Skip to comments.How to Hack a Car: Phreaked Out
Posted on 06/15/2014 5:39:24 PM PDT by TurboZamboni
These days, your car isn't a car - it's a rolling computer platform. You don't drive it as much as you give the computer commands and then let it carry them out. That's why the idea of hackers breaking into car computers is so terrifying. You have to see this video showing the scary reality of car hacking.
(Excerpt) Read more at youtube.com ...
Time to reassess mode of travel.
just drive an older car and stay off the NSA tea party list
Forbes Demonstrates Car Hacking the Michael Hastings Murder Method
CNN: Hackers Take Control of Cars Steering, Brakes and Gas Pedal
We have an old pick up, and I never join groups, I’m an independent.
So park the new vehicles and go back to the old...Oy veh! The price of gas going up, and that truck isn’t like my small compact. I’ll just stay home and cook, I guess.
If you drive a real old one you might even be able to still work on it yourself
I want to get an older vehilce but not too old...I want it onstarless....
Yeah, right...here’s another example of Techno-BS on FR.
Pay attention at 3:45 when he says “You just have to (poll?) these two wires in the CANBUS network, it costs 25 bucks”.
Then at 4:20 he describes going to a car, attaching the “CHD” then going home and connecting to it via his PC.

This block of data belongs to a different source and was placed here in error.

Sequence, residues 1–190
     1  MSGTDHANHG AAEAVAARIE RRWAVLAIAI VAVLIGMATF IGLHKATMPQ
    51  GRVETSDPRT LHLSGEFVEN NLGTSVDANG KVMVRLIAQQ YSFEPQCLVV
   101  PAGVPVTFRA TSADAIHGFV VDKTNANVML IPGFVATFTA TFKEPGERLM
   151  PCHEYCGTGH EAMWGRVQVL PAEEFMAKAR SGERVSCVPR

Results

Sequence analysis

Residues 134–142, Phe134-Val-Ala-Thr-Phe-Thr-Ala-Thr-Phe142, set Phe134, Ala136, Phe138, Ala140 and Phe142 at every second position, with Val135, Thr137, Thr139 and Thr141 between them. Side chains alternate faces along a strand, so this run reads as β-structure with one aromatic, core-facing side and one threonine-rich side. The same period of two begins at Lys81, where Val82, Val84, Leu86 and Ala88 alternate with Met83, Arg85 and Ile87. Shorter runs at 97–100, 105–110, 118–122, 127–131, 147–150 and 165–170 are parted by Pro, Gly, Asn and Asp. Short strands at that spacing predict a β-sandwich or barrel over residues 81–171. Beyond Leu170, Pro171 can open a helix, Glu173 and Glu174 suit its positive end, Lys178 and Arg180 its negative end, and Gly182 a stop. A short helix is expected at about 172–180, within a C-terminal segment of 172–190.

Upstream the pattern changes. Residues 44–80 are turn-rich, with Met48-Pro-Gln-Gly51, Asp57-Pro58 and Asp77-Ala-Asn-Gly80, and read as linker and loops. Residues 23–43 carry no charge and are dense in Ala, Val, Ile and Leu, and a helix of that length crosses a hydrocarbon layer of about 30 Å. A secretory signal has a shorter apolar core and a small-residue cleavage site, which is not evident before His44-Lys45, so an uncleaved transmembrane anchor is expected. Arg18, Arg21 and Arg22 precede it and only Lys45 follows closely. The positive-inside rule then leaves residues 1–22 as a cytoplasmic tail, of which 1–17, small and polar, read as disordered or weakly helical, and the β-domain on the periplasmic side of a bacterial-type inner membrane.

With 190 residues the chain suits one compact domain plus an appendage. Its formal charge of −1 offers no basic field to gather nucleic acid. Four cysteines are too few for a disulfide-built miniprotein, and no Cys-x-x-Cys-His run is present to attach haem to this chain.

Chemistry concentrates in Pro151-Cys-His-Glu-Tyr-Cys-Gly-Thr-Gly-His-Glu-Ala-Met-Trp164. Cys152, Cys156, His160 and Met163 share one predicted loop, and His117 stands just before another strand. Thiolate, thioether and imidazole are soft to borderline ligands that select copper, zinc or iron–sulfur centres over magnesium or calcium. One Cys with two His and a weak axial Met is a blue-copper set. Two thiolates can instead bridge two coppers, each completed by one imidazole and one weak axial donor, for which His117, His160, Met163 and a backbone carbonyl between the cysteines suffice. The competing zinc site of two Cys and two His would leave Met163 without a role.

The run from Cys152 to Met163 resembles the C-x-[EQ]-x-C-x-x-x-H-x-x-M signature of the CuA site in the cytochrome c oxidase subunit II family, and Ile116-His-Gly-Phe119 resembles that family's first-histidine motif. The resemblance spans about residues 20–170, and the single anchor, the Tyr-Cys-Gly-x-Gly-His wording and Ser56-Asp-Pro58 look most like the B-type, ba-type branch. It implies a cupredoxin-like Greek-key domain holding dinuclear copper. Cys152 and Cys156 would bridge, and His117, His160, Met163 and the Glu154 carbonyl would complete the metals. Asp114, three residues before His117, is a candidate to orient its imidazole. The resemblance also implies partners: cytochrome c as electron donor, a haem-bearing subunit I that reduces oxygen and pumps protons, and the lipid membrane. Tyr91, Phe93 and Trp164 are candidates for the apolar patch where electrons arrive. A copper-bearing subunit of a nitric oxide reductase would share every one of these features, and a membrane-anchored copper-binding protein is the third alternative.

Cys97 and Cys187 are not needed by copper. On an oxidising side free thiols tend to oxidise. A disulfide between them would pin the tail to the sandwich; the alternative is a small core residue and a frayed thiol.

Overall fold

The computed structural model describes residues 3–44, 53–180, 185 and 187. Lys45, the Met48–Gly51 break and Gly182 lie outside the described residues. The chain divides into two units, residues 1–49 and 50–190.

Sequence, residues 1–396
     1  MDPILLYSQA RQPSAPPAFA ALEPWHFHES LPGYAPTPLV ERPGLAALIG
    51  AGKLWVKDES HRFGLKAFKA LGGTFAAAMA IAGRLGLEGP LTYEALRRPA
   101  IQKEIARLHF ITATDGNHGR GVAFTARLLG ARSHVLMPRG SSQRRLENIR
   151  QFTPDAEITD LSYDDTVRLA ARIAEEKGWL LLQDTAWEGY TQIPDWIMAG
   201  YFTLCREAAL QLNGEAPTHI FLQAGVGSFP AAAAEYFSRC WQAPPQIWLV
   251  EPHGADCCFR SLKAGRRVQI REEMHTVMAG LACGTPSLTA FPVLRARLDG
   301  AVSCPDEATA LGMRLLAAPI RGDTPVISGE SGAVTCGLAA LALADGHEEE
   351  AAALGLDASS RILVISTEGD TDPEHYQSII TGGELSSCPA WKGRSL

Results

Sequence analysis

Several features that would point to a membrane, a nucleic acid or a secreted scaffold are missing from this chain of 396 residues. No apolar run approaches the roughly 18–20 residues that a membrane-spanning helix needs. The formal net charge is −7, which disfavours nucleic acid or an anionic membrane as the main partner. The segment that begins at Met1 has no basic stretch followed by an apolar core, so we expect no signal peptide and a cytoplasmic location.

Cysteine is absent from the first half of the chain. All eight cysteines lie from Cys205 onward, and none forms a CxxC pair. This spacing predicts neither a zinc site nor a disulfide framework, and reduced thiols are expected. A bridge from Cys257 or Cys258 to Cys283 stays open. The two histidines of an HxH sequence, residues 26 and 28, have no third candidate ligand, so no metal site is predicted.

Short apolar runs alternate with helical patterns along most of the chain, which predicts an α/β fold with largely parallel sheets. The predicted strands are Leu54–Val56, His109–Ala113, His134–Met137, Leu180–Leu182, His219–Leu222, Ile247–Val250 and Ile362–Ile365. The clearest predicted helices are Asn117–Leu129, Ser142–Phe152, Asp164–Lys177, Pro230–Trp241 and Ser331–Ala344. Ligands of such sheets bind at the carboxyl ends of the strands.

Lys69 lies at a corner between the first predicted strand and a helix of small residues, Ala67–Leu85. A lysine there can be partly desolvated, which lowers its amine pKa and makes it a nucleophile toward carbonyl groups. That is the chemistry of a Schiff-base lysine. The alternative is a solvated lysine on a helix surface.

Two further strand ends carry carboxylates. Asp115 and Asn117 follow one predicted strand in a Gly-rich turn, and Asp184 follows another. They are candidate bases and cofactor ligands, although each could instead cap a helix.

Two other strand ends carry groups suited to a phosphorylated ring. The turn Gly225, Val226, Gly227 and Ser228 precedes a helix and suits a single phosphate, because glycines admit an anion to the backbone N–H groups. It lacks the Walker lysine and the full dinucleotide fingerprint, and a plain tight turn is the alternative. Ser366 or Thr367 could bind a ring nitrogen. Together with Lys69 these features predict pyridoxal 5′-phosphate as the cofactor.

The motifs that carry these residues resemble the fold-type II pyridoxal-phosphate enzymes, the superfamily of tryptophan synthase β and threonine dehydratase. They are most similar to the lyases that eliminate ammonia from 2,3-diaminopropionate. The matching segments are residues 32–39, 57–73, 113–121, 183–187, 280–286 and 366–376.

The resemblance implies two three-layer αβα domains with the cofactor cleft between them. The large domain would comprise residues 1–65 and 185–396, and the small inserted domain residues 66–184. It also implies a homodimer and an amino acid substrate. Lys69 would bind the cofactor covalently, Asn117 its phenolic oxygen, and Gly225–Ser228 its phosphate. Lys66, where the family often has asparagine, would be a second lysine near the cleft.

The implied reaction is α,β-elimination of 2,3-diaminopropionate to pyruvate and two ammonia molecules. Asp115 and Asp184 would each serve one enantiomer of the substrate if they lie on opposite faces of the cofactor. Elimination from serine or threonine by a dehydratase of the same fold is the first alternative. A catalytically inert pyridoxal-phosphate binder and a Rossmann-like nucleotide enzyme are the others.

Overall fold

Then read what it says at 6:43: “Vehicle has been equipped with third-party hardware for demo purposes. In stock form it is not vulnerable to these attacks”.
So why post bull#hit like this? If I apply a third-party wrecker to any car I can tow it home with me, but so what? All this crap does is promote scientific paranoia.
It’s impossible to remotely access the CANBUS on an unmodified production vehicle via a wireless connection. Period.
Think otherwise, bring proof and not some stupid youtube video that even itself admits it is phony.
I thought about that reporter a while back who ran into a tree at full speed while on his way to post a story.
Thanks for an excellent post.
Thank God there’s still a few FReepers willing to do their own critical analysis.
How hard would it be to attach a device to the canbus wires surreptitiously while the car is in the shop, wait for car to come into range of, say, city provided WiFi and slam the vehicle?
I despise websites that start making noise as soon as you load them.
Old plain-color Buicks with the 3800 engine that gets 30+ MPG on the highway is the ticket. They’ll go 3 or 400K before they’re done, and they keep a very generic low profile on the road.
An old VW Rabbit diesel gets as hood mpg as anything on the toad today.
With direct access to the vehicle and the ability to add hardware, it would be easy-peasy. Like planting a bomb in one 80 years ago.
Any additional hardware would likely leave traces, as would altered code IF someone took the time and expense to look.
Pretty convenient that preimpact explosion and fire, right?
I saw one compact car in Australia on TV, that had gone for lots of miles...several hundred thousands...it was a diesel.
A mentally unstable Commie wiping out a car at high speed doesn’t seem too odd. A fire isn’t too weird either. But a raging inferno? That’s odd.
Somebody went full Hollywood on the effects.
I CAN SEE NO DOWNSIDE!
Yes, but I stay out of the hood and don't get on the toad. And bunnies are just for carrying pancakes on their head.